• Loans greater than $20,000, but less than $60,000 – 5%;
  • Loans greater than $12,500, but less than $20,000 – $1,000; and
  • Loans less than $12,500 – 8%

This requirement will obviously involve an assessment of the fees and points the Bank currently charges.

The second point of impact comes as a result of which level of protection the bank wants to have when it originates Qualified Mortgages. The Qualified Mortgage Rule provides two different levels of protection for Qualified Mortgages: (1) a “safe harbor”; or (2) a presumption of compliance. Eligibility for one or the other is determined by the pricing of the loan. A “higher-priced” loan (i.e. one with a rate greater than 1.5% above the average prime offer rate) will only have a presumption of compliance. Loans with rates that do not exceed 1.5% above the APOR receive “safe harbor” treatment. A “safe harbor” loan supposedly cannot be challenged for compliance with the ATR. A loan with only a presumption of compliance could see that presumption rebutted.

A final issue for Management and the Board to consider is the question of balloon payment loans. Many banks have used balloon payment loans as a method of managing interest rate risk for decades. Now, however, balloon payment loans generally will not qualify as Qualified Mortgages. So, many Banks will have to develop other products, perhaps adjustable rate mortgages, that can substitute for balloon payment loans. You should ask whether your bank will need to develop new loan products.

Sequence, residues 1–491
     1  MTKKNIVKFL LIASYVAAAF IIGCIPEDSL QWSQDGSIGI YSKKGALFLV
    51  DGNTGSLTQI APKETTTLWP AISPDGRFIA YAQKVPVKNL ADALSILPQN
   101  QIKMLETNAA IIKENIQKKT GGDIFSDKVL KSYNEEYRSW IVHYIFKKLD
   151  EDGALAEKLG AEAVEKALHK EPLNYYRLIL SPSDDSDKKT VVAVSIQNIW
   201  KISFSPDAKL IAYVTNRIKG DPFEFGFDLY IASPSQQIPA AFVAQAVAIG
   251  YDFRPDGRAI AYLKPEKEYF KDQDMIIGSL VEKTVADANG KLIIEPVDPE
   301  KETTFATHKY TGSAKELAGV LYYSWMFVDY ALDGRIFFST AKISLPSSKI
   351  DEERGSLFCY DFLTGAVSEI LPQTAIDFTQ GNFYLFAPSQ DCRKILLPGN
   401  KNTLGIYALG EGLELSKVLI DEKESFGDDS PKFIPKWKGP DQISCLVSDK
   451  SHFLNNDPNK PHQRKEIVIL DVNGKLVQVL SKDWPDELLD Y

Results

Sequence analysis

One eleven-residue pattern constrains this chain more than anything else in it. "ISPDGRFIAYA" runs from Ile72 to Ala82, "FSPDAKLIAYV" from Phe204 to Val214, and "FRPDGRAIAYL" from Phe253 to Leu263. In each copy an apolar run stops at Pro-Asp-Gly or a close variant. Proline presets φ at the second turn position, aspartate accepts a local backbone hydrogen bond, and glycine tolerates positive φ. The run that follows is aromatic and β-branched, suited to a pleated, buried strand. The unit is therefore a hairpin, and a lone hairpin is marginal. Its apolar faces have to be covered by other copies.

Management and the Board of Directors should be aware of the so-called Small Creditor Exception to this general prohibition against balloon payment loans. To qualify, a Bank must have total assets less than $2 billion. It must originate no more than 500 covered loans annually, and 50% or more of those loans must be made in “rural” or “under-served” counties.

If the Bank clears those hurdles, then it could originate balloon payment loans so long as those loans do not have a term that exceeds 30 years, feature a fixed rate of interest and have a term of 5 years or longer.

Ask yourself first whether the Bank qualifies, and ask second what the effect on the Bank would be to originate dwelling-secured loans with the features described above.

After going through this exercise, Management and the Board of Directors should have an idea of which path they wish to choose. It is even conceivable that the Bank might choose to originate both Qualified Mortgages and non-Qualified Mortgages. However, either choice will entail a major effort to modify underwriting practices, create verification of information processes, establish documentation procedures and provide for monitoring of all of the above. Management and the Board of Directors must understand how much time, effort and expense will be involved and that short cuts won’t exist. The time to begin this process is now. The January, 2014 deadline for compliance is fast approaching.

We will devote a significant portion of the May Quarterly Meeting to the ATR and the QM Rules and their implementation.